List of apex predators

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This is a partial list of apex predators—those predators that are not preyed upon as healthy adults in the wild. Full scavengers (e.g. most vultures), although they may not be preyed on either, are not counted as apex predators unless they at least partially depend on capturing live prey. Many species listed here are only apex predators within certain environments, e.g. coyotes are only apex predators when larger predators such as the gray wolf or the brown bear are absent.

Extant predators[edit]

These still-in-existence carnivores or omnivores are apex predators.



The south polar skua both preys on other seabirds and bullies them for their catches.


The electric rays are marine predators of the tropics.
The great white shark, a paradigmatic apex predator.
The killer whale or orca is an apex predator of most of the world's oceans.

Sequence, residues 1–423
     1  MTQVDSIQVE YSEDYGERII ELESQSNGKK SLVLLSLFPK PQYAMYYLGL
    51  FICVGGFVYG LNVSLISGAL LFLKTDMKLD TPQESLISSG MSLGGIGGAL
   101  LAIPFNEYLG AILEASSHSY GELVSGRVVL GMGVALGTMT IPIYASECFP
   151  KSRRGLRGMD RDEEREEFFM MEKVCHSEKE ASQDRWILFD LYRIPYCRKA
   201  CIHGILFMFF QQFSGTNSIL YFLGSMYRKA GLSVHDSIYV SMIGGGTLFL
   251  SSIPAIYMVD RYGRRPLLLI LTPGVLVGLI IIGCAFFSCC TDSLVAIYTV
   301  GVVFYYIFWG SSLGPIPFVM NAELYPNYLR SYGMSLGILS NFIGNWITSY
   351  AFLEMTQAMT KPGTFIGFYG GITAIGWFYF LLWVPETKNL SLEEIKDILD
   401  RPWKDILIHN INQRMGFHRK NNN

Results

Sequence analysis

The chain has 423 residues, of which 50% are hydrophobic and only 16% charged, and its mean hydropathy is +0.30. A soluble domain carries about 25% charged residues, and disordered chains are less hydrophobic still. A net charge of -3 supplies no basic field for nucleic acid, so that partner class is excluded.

The saltwater crocodile is the largest living reptile and is the dominant predator throughout its range.


Extinct apex predators[edit]

Non-Avian dinosaurs[edit]

The carnivorous theropods listed below were likely apex predators based on their size and dietary needs. Because very few prehistoric ecosystems are known in detail, these are merely suggestions—larger, more dominant theropods might have lived during the same time in the same place.

Other prehistoric terrestrial apex predators[edit]

Prehistoric aerial apex predators[edit]

Prehistoric aquatic apex predators[edit]


  1. ^ The grey wolf as a species includes the dingo and all domestic dogs
  2. ^ a b The status of humans is debated[2]
  3. ^ a b c d e f g h i j k l m n o Recently extinct species. Some, possibly most, of these species went extinct as a result of humans.


  1. ^ Bargagli, Roberto (2004). Antarctic Ecosystems. Springer. pp. 282–287. ISBN 3-540-22091-7. 
  2. ^ Roopnarine, PD (2014). "Humans are apex predators". Proc. Natl. Acad. Sci. U.S.A. 111: E796. doi:10.1073/pnas.1323645111. PMC 3948303Freely accessible. PMID 24497513.